Bush administration says importation does not equal savings

The Bush administration said Tuesday the establishment of a program to safely import prescription drugs is not likely to save U.S. consumers much money.
The study, conducted by a Department of Health and Human Services task force, stopped short of warning legislators to end their efforts to pass legislation that would allow reimportation of prescription drugs. However, the study did conclude that such a system could negatively impact the development of new drugs and also raised liability concerns for consumers, manufacturers, distributors and pharmacies.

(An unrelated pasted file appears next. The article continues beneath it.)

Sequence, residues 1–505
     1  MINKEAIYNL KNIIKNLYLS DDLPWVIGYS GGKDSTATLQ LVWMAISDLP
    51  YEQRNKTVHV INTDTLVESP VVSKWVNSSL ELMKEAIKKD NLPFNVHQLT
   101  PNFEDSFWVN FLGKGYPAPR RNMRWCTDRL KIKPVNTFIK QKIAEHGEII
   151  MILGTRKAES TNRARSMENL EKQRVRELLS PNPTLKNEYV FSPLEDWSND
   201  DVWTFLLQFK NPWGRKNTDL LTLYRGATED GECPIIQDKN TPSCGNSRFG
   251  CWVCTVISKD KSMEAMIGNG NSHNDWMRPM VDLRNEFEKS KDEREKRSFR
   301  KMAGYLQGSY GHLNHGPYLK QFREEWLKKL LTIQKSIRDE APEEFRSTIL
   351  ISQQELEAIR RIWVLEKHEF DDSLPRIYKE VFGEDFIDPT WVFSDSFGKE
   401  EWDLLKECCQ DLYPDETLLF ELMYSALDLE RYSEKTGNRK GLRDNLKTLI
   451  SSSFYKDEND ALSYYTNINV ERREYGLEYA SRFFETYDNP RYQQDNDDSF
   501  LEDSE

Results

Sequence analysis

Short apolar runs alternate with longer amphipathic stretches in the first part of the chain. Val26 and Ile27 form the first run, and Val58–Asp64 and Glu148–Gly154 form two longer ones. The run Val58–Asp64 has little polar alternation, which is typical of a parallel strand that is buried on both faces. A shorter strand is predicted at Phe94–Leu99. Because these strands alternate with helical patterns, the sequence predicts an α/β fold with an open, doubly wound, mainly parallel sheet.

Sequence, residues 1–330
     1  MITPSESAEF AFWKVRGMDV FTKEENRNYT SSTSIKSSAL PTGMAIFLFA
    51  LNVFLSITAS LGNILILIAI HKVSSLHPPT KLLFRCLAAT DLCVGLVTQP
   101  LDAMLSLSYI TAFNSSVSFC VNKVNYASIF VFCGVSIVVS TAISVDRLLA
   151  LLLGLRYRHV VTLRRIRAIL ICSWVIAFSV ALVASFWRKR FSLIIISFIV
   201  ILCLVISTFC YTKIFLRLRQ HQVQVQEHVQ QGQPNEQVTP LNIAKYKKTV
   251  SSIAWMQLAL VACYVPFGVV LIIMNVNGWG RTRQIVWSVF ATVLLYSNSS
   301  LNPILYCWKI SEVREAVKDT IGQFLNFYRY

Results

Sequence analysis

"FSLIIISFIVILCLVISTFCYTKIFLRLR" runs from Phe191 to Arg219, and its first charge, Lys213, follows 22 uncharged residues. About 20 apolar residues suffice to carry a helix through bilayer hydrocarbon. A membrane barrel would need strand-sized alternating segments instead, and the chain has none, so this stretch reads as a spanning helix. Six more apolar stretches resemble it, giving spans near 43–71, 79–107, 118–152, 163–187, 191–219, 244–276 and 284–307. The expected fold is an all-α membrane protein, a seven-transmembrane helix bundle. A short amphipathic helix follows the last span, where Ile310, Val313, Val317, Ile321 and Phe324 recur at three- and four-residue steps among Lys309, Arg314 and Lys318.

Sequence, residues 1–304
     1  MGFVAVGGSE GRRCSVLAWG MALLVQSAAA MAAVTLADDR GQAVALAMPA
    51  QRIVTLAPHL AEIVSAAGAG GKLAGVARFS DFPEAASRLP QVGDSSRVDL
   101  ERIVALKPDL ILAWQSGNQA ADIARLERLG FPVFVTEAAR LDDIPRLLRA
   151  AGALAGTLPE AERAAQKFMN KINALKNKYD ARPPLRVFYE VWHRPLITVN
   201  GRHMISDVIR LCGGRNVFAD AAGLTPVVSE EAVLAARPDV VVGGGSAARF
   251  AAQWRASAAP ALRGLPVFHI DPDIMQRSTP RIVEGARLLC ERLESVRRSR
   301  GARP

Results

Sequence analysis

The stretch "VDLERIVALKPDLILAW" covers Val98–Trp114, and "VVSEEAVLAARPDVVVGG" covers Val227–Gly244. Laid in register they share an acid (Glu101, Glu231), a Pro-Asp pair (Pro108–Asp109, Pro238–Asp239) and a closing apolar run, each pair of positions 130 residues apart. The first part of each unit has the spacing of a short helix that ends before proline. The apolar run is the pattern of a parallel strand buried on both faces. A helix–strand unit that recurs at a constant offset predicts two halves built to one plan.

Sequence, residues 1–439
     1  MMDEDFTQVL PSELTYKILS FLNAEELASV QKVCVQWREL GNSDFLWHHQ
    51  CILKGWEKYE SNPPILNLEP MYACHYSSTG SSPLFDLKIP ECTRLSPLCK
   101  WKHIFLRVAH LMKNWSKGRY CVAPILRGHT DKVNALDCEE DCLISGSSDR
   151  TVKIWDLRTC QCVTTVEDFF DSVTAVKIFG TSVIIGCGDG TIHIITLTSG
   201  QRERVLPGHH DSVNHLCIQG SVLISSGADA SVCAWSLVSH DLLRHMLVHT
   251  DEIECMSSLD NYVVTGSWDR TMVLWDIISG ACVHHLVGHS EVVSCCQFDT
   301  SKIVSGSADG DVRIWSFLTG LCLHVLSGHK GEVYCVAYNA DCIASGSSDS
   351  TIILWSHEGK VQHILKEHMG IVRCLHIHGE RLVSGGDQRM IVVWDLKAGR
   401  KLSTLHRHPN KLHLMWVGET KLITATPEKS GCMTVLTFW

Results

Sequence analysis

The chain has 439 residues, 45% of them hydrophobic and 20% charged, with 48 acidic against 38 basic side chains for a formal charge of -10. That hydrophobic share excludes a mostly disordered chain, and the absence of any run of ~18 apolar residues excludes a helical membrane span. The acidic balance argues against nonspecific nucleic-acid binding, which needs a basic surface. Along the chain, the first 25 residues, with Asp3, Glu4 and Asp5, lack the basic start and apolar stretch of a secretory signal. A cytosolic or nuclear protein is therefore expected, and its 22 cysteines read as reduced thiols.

"The public's expectation that most imported drugs are less expensive than American drugs is not generally true," said surgeon general Richard Carmona, the task force chairman. Carmona said lower-cost generic drugs account for most of the prescription drugs consumed in the U.S.
The administration would only consider a drug importation system that would be limited to certain, high-volume brand name drugs from Canada, Health and Human Services secretary Tommy Thomson said. But the report raised concerns about drugs in Canadian pharmacies that have been purchased from other countries, making it difficult to determine their safety. 
The report also stated the way that U.S. consumers currently import drugs from Canada and other places is associated with significant risk since there is no way to determine whether the drugs are legitimate and whether they contain the proper amount of medicine.
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